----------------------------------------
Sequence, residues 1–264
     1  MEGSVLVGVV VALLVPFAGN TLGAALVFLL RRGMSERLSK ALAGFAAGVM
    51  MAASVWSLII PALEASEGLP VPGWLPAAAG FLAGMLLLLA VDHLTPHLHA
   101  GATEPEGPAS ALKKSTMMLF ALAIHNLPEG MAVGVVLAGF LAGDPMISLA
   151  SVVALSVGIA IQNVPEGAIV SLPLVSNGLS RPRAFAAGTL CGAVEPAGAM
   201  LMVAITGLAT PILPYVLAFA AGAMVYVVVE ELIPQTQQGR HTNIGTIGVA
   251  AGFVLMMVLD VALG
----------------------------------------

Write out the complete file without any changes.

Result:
Sequence, residues 1–264
     1  MEGSVLVGVV VALLVPFAGN TLGAALVFLL RRGMSERLSK ALAGFAAGVM
    51  MAASVWSLII PALEASEGLP VPGWLPAAAG FLAGMLLLLA VDHLTPHLHA
   101  GATEPEGPAS ALKKSTMMLF ALAIHNLPEG MAVGVVLAGF LAGDPMISLA
   151  SVVALSVGIA IQNVPEGAIV SLPLVSNGLS RPRAFAAGTL CGAVEPAGAM
   201  LMVAITGLAT PILPYVLAFA AGAMVYVVVE ELIPQTQQGR HTNIGTIGVA
   251  AGFVLMMVLD VALG